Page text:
Return To Gaza Reveals Scenes Of Destruction

David Gilkey/NPR

Bilal Soboh, 19, holds the body of his 20-day-old baby girl, who died in the morning, before burial in a grave dug by hand Jan. 19, 2008. The family had tried to get help for the ailing baby but it was too dangerous to leave their home in Tuam, in the northern Gaza Strip during the fighting between Hamas and the Israelis. David Gilkey/NPR hide caption

itoggle caption David Gilkey/NPR
Maha al Sultan, 36, cries in agony as she sees her destroyed home for the first time in the Tuam. i i

Maha al-Sultan, 36, cries in agony as she sees her destroyed home for the first time in the Tuam neighborhood of Gaza, Jan. 19, 2009. David Gilkey/NPR hide caption

itoggle caption David Gilkey/NPR
Maha al Sultan, 36, cries in agony as she sees her destroyed home for the first time in the Tuam.

Maha al-Sultan, 36, cries in agony as she sees her destroyed home for the first time in the Tuam neighborhood of Gaza, Jan. 19, 2009.

David Gilkey/NPR

In the Gaza Strip, exhausted Palestinians are surveying devastation following more than three weeks of attacks by the Israeli military.

At least 1,300 Palestinians are dead and large parts of many neighborhoods are totally destroyed. Thirteen Israelis were killed in the fighting, including 10 soldiers.

A fragile truce appears to be holding, for now. Throughout Gaza, anger mixed with sorrow as families cautiously took stock of their losses and in some cases buried their dead.

'We Cannot Afford A Proper Cover For The Coffin'

Mariam Soboh died Monday morning, 20 days after she was born in a Gaza hospital just after the start of the Israeli offensive against Hamas.

Her parents, Bilal and Kamilia, decided that same day to flee their Gaza home in the face of Israeli shelling. Mariam's grandfather, Mohammed Soboh, spoke about the family's ordeal Monday as an unmanned Israeli drone buzzed overhead.

"Imagine on that Saturday morning she gave birth and in the afternoon on the same day we had to flee our home," he said. "The small baby couldn't stand the cold weather and the smoke from the bombs."

The newborn fell sick as her parents tried to weather the war at a U.N. school that was turned into a refugee shelter. Water and food were limited. It was cold and unbearably stressful. Bilal Soboh says he and his wife couldn't get the baby girl to a health clinic for six days. It was just too dangerous.

Monday afternoon, at a cemetery in the Beit Lahia district, Bilal Soboh wrapped his baby daughter in a white cotton shroud, cradled her in a small blanket and kissed her forehead.

The 19-year-old farmer then lowered his daughter's corpse into a makeshift burial chamber of cinder blocks dug into the sand with a piece of scrap metal for a cover.

Bilal Soboh was silent and morose. Mariam Soboh's grandfather was upset he couldn't afford a suitable burial.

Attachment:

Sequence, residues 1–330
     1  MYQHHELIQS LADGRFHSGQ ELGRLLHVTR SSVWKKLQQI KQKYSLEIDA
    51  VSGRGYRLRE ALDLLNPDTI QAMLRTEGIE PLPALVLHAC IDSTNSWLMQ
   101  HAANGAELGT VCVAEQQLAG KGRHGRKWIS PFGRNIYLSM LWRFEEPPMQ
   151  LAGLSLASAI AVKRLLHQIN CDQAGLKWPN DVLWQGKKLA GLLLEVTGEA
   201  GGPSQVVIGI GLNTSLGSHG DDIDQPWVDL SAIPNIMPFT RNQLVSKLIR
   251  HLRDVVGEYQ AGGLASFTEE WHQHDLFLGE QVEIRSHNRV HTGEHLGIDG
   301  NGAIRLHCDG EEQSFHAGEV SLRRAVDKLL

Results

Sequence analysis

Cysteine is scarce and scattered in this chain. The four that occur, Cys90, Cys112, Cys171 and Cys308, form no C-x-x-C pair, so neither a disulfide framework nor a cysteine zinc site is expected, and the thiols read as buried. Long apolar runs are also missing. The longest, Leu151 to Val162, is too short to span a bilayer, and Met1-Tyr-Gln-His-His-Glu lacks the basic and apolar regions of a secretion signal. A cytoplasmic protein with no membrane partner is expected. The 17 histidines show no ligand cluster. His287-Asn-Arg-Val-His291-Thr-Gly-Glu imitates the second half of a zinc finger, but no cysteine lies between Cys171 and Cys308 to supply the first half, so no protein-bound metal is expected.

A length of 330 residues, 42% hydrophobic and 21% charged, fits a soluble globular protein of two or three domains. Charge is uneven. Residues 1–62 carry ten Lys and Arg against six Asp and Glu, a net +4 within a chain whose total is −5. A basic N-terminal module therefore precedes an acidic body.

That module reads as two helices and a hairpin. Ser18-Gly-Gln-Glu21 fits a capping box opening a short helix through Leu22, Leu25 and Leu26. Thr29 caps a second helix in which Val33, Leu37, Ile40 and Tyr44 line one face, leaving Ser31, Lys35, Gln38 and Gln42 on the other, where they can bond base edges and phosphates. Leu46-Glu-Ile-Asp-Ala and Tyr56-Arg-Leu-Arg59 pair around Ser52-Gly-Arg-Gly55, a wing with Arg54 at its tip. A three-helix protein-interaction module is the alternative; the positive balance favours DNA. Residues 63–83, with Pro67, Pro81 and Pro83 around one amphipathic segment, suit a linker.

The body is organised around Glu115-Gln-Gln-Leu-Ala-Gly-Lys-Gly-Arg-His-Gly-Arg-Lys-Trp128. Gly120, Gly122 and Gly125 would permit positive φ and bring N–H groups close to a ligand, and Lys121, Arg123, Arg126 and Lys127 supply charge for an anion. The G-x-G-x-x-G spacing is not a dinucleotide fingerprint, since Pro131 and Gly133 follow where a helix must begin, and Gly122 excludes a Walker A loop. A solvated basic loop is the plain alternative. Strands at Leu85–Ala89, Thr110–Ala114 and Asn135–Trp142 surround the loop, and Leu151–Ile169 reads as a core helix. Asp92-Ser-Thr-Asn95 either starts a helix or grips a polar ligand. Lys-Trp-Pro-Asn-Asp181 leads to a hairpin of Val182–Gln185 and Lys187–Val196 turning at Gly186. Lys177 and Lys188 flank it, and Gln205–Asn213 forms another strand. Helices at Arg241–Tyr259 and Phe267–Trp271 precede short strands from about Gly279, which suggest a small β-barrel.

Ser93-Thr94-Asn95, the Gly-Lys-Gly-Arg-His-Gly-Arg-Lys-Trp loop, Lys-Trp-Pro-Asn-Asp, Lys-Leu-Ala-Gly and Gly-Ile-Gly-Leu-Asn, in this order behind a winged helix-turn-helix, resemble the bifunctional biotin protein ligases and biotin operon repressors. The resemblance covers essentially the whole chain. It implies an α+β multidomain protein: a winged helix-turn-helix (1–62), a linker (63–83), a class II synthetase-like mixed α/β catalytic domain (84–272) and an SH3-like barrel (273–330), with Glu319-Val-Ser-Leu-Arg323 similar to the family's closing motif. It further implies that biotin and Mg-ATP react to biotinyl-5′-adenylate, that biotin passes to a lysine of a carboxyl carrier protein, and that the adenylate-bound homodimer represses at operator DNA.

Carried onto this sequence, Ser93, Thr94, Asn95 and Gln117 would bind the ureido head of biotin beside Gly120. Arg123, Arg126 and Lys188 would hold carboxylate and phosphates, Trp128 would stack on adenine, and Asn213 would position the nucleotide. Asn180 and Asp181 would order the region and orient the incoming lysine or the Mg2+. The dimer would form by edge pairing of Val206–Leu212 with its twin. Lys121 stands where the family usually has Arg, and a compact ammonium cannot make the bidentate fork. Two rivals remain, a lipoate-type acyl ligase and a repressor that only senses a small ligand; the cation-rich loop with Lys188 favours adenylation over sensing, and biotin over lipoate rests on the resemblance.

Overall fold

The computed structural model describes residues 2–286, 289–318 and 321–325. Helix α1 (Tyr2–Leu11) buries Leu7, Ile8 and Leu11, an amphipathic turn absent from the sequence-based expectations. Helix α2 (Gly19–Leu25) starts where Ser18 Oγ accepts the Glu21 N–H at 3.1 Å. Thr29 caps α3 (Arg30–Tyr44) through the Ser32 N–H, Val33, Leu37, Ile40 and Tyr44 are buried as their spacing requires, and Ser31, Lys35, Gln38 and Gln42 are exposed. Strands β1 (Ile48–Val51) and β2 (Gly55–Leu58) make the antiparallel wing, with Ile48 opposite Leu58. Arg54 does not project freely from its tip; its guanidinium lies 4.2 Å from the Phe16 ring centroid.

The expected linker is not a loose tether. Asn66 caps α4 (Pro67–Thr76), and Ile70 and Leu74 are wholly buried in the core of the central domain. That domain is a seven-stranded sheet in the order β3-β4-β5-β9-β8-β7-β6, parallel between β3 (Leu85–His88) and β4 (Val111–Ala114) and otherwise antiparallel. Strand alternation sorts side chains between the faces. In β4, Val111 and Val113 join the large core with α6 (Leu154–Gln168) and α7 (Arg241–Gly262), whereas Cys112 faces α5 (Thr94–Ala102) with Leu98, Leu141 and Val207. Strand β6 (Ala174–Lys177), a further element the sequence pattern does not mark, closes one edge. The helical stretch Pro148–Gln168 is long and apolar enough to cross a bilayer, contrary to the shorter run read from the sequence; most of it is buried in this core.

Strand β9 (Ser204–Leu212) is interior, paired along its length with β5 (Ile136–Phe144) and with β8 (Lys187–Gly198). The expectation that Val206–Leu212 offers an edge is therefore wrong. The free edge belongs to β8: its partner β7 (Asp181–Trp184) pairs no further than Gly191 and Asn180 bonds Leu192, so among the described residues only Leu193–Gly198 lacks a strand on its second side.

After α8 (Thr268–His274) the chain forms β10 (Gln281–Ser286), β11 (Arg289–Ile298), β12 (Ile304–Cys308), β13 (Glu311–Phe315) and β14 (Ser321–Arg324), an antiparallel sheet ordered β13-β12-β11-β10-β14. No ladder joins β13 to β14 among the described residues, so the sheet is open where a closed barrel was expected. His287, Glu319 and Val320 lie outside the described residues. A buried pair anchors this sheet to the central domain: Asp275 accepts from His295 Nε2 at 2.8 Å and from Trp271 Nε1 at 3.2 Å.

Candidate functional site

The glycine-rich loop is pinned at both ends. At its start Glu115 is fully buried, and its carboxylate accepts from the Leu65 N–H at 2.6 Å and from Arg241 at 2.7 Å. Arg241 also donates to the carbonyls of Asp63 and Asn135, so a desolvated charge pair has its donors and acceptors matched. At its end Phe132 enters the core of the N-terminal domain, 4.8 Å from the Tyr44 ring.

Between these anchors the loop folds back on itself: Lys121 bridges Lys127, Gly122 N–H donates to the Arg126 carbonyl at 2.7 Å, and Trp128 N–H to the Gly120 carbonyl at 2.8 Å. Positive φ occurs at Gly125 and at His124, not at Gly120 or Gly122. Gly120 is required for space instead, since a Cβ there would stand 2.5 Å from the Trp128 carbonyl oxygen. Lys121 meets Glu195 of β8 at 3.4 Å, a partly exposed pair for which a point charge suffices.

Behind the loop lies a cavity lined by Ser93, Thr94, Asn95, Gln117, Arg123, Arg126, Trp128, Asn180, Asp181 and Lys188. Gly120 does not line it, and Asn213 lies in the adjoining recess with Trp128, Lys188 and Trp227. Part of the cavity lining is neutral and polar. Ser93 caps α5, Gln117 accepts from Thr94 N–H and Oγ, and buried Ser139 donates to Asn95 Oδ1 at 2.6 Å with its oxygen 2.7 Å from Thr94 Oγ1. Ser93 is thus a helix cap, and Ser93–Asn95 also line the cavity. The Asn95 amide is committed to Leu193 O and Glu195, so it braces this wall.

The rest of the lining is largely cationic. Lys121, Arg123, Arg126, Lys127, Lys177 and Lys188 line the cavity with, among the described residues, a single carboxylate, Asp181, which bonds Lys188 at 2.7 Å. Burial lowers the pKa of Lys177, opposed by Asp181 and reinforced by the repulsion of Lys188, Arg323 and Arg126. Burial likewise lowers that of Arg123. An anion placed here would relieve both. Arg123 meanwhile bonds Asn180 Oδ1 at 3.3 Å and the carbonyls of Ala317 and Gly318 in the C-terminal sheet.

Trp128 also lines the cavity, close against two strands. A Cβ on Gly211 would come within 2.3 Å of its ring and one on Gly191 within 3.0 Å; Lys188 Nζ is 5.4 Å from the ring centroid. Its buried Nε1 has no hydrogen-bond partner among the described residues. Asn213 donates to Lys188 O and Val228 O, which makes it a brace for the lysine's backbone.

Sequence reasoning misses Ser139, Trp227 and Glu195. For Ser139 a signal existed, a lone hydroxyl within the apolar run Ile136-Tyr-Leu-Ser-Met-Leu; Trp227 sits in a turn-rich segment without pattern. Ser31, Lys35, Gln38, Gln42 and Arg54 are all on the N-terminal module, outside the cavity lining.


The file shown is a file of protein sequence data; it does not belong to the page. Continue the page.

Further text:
"We cannot afford a proper cover for the coffin," he said. "We didn't even pay for the cinder blocks and I was afraid the cemetery guard would charge me for them."

Mariam was Bilal and Kamilia's first child. After the burial they returned to find their home completely destroyed.

"We have no place to stay. We have nothing," the grandfather said.

There were scenes of loss and devastation across Gaza Monday, the first full day of a cease-fire between Israel and Hamas.

'Where Is The Victory?'

In the Tuam neighborhood of Gaza City, 36-year-old Imad Wahbee loaded scraps of splintered wood and mangled kitchen pots on to a horse drawn cart. It is all that's left of his house, leveled by Israeli air and artillery strikes. The neighborhood is in ruins. Whole apartment buildings were destroyed.

"We found nothing. Nothing is left for us. Nothing," Wahbee said. "It's like a very strong earthquake happened here. Even a very strong earthquake wouldn't destroy as much as they did."

Just up the debris-choked road, Maha al-Sultan stood in front of her ruined home, weeping, angry and broken. Sultan belittled Hamas' claims of victory in the confrontation with Israel and she lashed out at the Islamist group's top leaders, who live in exile in Syria.

"Where is the victory Hamas is talking about? Show us the victory!" she said. "We are the only ones dead and destroyed! Where are the burned Israeli tanks and dead soldiers? All I see is our dead! Where is Khaled Mashaal? He's living in a castle in Syria. Let him see our destroyed houses!"

As she spoke, two Israeli fighter jets suddenly swooped low overhead.

The American-made jets shot off defensive flares and tilted their wings, as if to remind Sultan and others here who still controls the air, sea and land borders into this battered sliver of coastal land.

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